M21 Spotlight: Trouble at the Mill
- Lee Murphy
Core Set 2021 brings about some changes to terminology. Wizards of the Coast let the Dogs out, and now, 26 years after the original Millstone, the word "mill" finally becomes a keyworded action. The first proper card to showcase the new wording may find some application in Standard too!
owt askew on treddle, but
was it not expected?
What an amazing game Magic is. We can play with karoos, but not necessarily an actual Karoo, we can blink permanents, but only momentarily, we can even Shock ourselves, but with lands! And, since the days of Antiquities and Revised, we've been able to mill, even if Millstone was not in our 75.
Now, for the first time ever, mill is an actual keyword, although this was very much foreshadowed by the recent Mystery Booster playtest card Truth or Dare. That being said, it's not like Wizards didn't put some effort into exploring other options for keywords, but it is what it is.
That card already has some high-level tournament credentials to look back on:
This is the deck that Michael Majors used to win Grand Prix San Diego in 2015. You likely recognize several big cards in the list, a number of which were considered too powerful for formats like Modern. Almost every other card either protected you or drew you ever deeper into your library. Once Baby Jace hit the battlefield, it was no time at all before he flipped, allowing you to control aggressive decks more readily. Ultimately you won by decking your opponent via Tutelage. Majors was of course in good company, as Andrew Cuneo had taken a similar version to a 23rd place at Pro Tour Magic Origins just the weekend prior to San Diego. This likely explains why Majors's team was testing the deck and had it ready to go.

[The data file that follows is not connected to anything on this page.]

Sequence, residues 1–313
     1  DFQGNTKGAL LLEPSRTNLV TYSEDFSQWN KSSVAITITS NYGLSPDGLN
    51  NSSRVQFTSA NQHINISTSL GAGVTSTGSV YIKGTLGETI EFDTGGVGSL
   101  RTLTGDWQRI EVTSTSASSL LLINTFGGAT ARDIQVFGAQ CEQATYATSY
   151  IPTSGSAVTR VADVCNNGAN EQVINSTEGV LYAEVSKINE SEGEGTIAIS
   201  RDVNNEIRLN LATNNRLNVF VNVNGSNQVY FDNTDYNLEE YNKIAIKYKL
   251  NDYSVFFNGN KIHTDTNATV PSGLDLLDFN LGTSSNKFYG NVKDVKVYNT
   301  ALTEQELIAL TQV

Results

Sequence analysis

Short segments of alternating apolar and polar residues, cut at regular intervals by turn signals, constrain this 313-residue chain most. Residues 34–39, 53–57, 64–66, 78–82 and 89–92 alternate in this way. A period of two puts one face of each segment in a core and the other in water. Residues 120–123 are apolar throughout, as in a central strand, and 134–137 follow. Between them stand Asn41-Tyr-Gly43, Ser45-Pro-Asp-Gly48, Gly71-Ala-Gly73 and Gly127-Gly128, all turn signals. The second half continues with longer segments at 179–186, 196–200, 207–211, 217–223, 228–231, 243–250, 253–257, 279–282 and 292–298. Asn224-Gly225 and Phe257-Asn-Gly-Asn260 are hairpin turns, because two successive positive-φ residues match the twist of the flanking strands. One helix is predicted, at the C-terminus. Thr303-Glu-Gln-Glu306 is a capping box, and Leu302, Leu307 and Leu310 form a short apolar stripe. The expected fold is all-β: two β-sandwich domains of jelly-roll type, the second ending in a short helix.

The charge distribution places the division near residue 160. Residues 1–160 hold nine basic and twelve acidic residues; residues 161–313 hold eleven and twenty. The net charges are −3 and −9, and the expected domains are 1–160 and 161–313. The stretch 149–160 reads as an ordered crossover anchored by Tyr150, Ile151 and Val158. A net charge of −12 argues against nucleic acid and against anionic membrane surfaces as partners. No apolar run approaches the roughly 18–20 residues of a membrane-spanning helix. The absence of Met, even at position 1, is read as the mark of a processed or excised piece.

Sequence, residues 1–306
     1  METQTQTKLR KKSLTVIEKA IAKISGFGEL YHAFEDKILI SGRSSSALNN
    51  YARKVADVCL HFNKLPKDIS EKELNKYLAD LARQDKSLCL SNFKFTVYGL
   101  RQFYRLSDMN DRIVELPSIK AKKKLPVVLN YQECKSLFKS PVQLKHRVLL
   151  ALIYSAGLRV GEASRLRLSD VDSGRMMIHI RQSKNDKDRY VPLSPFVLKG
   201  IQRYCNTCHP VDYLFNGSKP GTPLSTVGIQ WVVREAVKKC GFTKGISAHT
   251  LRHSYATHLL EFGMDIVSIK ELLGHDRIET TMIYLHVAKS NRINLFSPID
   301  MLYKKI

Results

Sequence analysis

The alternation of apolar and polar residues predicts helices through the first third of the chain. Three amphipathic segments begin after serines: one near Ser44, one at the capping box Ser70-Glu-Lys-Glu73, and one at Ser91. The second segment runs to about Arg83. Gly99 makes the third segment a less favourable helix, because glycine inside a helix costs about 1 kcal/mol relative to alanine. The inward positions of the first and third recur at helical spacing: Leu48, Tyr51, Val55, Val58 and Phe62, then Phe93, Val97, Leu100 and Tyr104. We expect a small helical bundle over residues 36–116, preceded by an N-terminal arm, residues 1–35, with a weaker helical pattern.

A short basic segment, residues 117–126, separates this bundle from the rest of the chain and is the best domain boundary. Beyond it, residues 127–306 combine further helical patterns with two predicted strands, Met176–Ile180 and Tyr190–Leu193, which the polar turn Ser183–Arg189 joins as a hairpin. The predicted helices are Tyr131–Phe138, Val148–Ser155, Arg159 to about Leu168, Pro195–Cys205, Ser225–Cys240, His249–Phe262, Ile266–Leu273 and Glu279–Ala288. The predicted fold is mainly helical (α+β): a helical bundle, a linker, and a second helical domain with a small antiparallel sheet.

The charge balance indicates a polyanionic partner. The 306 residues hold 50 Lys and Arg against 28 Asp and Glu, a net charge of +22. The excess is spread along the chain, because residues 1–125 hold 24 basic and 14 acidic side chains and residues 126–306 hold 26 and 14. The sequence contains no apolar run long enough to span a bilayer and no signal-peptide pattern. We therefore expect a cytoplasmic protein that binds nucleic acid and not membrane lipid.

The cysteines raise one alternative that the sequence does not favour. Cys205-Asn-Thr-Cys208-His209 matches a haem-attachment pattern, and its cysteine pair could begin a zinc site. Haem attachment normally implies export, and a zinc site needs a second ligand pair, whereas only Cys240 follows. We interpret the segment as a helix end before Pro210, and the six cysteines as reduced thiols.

So, maybe we'll see Teferi's Tutelage make some waves once the the new set hits the shelves? While we do have a Tutelage, we certainly don't have anything quite like Dig Through Time to help power us to a late game. However, we do have a number of decent options.
Unless Ancestral Vision sees a reprint, we're probably not going to be a dedicated Draw-Go deck. The existing Drowned Secrets strategies are all about playing blue spells rather than drawing cards. But we do have other interesting ways to generate massive amounts of card advantage. In short bursts. How about a musical number?
|Song of Adventure|
This deck can bury your opponent quickly if left unchecked. Once you've got Song in play, you have the possibility to draw several cards a turn, turning your Tutelage into a very fast clock. There are enough Adventure creatures present, which can sit in reserve until such time as you need them. Uro is a key recursive threat in current Standard, gaining value each turn it sticks around and is able to attack. All of them get around the Song's main drawback, able to to start a chain of card draw even after you've discarded your hand. The Triomes are great early on, and great late as they can be cycled for more triggers, and more food for Uro. Other variants could include a playset of Fae of Wishes // Granted to dig for some silver bullet in the sideboard, perhaps some late-game Divination variant or a River's Rebuke-style card.
Teferi's Tutelage, being honest, is not as good as Sphinx's Tutelage, in that there isn't the Grindstone clause allowing you to potentially mill additional pairs of cards. But it does start milling right away, and provides some additional card selection. As more cards with the mill keyword are revealed, be it in this or later sets, we might see the possibility of a more dedicated build.
No questioning owls here, just plenty of card draw. The following is reminiscent of so many spells-matter decks, and can be so much fun at any level — especially at the FNM level.
Here, all we're trying to do is untap with Rielle and a Tutelage in play. Being able to discard two cards to Cathartic Reunion and drawing five in total is backbreaking in almost any matchup. Radical Idea, Thrill, and 2UUferi give you the option of getting added action out of your legendary Human on opposing turns also. Blitz of the Thunder-Raptor is basically a Doom Blade in this deck, with the added advantage of being able to target a planeswalker.
Your sideboard can be transformational as needed, taking out Teferi and his Tutelage, bringing in playsets of Arclight Phoenix and Sprite Dragon. With only Rielle getting a buff from your graveyard pre-board, you could find yourself facing a very much unprepared opponent in game two. As with all blue-X decks, Mystical Dispute is a must, as are a myriad of cards from Aether Gust to Negates.
Expansion // Explosion. Thank you for coming to my TED talk.
What cards from the upcoming set excite you the most? Let us know in the comments!
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